Mega piranha was up to 3 feet long (1 meter) — a fish-beast four times as big as piranhas living today, studies of its jawbones indicate. . . . . might have been quite comfortable stalking cartoon animals in an “Ice Age” movie.
Another close relative of the piranha, called pacu (singular and plural), is not so scary. Pacu have squared-off stumps of teeth used for munching veggies. (For the record, tales of carnivorous piranhas eating humans are fictional.)
Now a newly uncovered jawbone of a (greater ancestor)”. . . . tie all these teeth together. Named Megapiranha paranensis, this previously unknown fossil fish. . . (is the greater ancestor to possibly both Pacu’s and Piranha’s.
Present-day piranhas have a single row of triangular teeth, like the blade on a saw, explained the researchers. Pacu have two rows of square teeth, presumably for crushing fruits and seeds.
The new fossil shows . . . teeth in a zig-zag row. .
“What’s cool about this group of fish is their teeth have really distinctive features. A single tooth can tell you a lot about what species it is and what other fishes they’re related to,” Dahdul said. Her phylogenetic analysis confirmed her hunch — Mega piranha seems to fit between piranhas and pacu in the fish family tree.
The Mega piranha fossil was originally collected in a riverside cliff in northeastern Argentina in the early 1900s,
(hiding evidence again. . . . )
but remained unstudied until paleontologist Alberto Cione of Argentina’s La Plata Museum rediscovered the startling specimen — an upper jaw with three unusually large and pointed teeth — in the 1980s in a museum drawer.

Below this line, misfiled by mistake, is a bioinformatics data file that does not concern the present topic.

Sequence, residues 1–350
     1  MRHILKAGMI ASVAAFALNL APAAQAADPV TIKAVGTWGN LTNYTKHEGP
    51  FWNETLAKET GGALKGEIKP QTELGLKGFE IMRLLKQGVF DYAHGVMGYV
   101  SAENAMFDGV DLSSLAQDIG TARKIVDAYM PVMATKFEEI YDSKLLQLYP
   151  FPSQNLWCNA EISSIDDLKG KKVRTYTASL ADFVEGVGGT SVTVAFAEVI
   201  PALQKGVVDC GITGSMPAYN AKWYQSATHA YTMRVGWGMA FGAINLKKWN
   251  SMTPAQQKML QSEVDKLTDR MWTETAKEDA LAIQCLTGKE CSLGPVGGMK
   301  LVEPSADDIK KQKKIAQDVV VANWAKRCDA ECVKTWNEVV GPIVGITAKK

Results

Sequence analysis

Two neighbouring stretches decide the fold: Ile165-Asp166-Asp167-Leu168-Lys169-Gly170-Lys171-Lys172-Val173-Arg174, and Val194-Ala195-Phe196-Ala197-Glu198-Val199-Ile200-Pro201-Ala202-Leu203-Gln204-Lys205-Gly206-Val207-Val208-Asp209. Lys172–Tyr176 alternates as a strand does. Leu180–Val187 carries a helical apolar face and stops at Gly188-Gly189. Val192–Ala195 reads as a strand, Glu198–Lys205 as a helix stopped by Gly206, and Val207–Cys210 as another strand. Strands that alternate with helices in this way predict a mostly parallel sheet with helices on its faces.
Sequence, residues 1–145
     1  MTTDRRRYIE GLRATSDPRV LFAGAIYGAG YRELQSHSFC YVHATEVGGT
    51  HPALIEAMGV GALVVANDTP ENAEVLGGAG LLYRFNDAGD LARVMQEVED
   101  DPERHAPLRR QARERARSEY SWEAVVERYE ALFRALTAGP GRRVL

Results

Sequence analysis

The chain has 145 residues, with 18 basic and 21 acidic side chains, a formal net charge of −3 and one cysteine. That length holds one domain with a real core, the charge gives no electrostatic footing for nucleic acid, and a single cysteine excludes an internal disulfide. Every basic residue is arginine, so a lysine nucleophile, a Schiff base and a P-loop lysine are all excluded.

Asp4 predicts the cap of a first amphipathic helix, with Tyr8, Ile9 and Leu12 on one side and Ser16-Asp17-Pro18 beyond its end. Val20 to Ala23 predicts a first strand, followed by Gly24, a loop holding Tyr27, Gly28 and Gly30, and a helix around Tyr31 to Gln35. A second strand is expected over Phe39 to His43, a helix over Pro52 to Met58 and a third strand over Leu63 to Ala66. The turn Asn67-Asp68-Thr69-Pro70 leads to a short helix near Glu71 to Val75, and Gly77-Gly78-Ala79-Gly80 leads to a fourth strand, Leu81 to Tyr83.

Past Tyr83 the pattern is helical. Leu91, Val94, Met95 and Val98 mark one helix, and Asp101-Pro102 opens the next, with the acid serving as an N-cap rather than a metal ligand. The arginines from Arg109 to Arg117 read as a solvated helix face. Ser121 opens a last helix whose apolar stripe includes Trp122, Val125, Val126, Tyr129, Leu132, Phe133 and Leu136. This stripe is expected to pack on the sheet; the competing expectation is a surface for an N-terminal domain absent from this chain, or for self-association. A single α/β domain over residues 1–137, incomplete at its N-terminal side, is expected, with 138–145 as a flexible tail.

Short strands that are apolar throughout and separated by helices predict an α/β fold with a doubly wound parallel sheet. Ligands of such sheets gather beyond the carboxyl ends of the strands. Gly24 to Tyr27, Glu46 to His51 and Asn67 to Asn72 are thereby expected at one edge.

Although no one is sure what Megapiranha ate, it probably had a diverse diet, Cione said.
Other riddles remain, however. “Piranhas have six teeth, but Mega piranha had seven,” Dahdul said. ” (Genetic loss or maturity loss)
So what happened to the seventh tooth?”
“One of the teeth may have been lost,” Lundberg said. It’s an unanswered question. Maybe someday we’ll find out.”
Piranhas inhabit exclusively the fresh waters of South America, including the Amazon River. Tales of vicious attacks on humans are mythical.
“There are no documented human deaths from piranha attacks,” according to the Encarta encyclopedia and other sources. They’re known to eat worms and small fish. “A common feeding behavior is to nip off parts of the fins or scales from other types of fish,” the encyclopedia explains. “This cropping tactic allows the victim to survive and regrow the injured parts, providing a kind of renewable food resource for piranhas.”
by Greater Ancestors World Museum on Wednesday, July 27, 2011 at 7:17pm